Thinking of a Vasectomy?
Many men of all ages come to the point where they consider having a vasectomy performed. For some men this will be an easy decision while for others it will be more difficult. Finding out everything you can about a vasectomy can help you make the right choice for you and your partner if you’re in a committed relationship.
The Decision to Have a Vasectomy or Not
When it comes to deciding if you should have a vasectomy or not most men will have different reasons for considering the option. Maybe you and your partner already have children and now no longer want to worry about birth control. Or maybe you’ve never wanted children and want to make sure that it doesn’t happen accidentally. No matter what the reasons are for wanting a vasectomy it’s important to take some time to understand exactly what’s going to happen both before, and after the surgery is done. Even though a vasectomy is reversible it’s no guarantee that you’ll be able to father a biological child at some time in the future if you change your mind. When thinking of getting a vasectomy, prepare to think of it as a permanent solution to birth control and not something that you can undo in the future.
Talking to Your Partner About Getting a Vasectomy
Even though the decision to have a vasectomy is really up to you it’s important that you include your partner in the decision making. A vasectomy is going to affect their future as well as yours. When you first meet with your urologist you might want to take your partner with you. You’ll both be reminded that a vasectomy is a permanent procedure in which there are no more children in your future. Many urologists require that your partner also sign the release papers with you. In any case many urologists will schedule your surgery in a about a month’s time to give you time to think about the permanence of the surgery before it’s finally done.
The Vasectomy Procedure is Effective and Safe
Having a vasectomy is both an effective and safe procedure. There are no serious types of complications that happen after you’ve had the surgery. Some men may experience some persistent pain for a few weeks after, however this can be controlled with pain medication. Sterilization doesn’t happen immediately after you’ve had the vasectomy. It can take up to 12 weeks or longer for any viable sperm to completely leave your reproductive system. This means you shouldn’t have unprotected sex until a sperm analysis is done to ensure that pregnancy isn’t possible.
How a Vasectomy is Performed
Your vasectomy is usually performed in your surgeon’s office on an out-patient basis. You’ll be awake through the entire procedure and given a local anesthetic to numb your scrotum. The surgeon will then make a tiny incision on one side of your scrotum. The vas deferens will be pulled out just a bit and a small section of it will be removed. Each end of the vas deferens will then be clamped. The same procedure is then done on the other side. You won’t need any stitches as these tiny incisions will heal quickly on their own.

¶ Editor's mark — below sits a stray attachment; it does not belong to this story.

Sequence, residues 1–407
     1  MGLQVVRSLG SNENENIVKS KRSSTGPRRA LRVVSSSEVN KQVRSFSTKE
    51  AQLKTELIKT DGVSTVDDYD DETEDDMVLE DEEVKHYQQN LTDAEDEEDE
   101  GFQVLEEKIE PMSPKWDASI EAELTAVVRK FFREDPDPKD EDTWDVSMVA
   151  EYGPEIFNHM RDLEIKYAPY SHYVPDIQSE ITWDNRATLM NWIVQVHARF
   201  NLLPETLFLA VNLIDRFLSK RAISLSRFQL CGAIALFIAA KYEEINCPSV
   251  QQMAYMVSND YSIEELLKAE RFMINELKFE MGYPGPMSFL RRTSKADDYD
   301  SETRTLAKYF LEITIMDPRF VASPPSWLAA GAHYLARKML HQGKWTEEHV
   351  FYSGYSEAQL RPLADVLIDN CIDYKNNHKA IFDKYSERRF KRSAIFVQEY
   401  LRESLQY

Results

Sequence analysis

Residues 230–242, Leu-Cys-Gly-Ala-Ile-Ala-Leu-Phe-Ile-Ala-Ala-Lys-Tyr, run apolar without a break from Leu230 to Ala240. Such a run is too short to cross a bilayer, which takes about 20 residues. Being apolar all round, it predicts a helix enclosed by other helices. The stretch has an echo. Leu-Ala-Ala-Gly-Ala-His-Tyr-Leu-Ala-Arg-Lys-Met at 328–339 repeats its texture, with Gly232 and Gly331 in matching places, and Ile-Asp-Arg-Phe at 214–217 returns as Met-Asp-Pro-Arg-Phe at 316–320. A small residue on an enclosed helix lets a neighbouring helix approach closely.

After Care for Your Vasectomy
Once the vasectomy is finished you’ll be asked to rest for an hour or two before you’re allowed to go home. It’s a good idea to have someone there to drive you. Plan on taking a few days off work so that you can recover fully. You may experience bruising, swelling, and pain for a few days after surgery. Wear a jock strap to provide support to your scrotum and use ice to ease the swelling and pain. Try to get as much rest as you can and limit your activity. If needed you can take Acetaminophen for pain but don’t take medication that can cause bleeding and thin your blood such as Aspirin and Ibuprofen. As mentioned previously, you’re not sterile right after the vasectomy as sperm still need to work their way out of your body. Use protection for about three months at which time your doctor will schedule a sperm analysis to check on sperm count. Even though the vasectomy procedure is reliable it’s not 100 percent guaranteed. About 1 in a 1000 men will still have viable sperm after their vasectomy due to the vas deferens growing back together.
Importance of Vasectomy Education
More and more couples are choosing a vasectomy as their choice of permanent birth control. Vasectomy surgery is much less complicated, and non-intrusive than having a woman’s tubes tied. The most important thing that you can do before you have your vasectomy is to learn all the details ahead of time. Even though the procedure is minor the implications are permanent and life changing. Ask the questions you need to ask so that you’re completely in the know. This can reduce any anxiety that you might be feeling and make your vasectomy experience a positive one.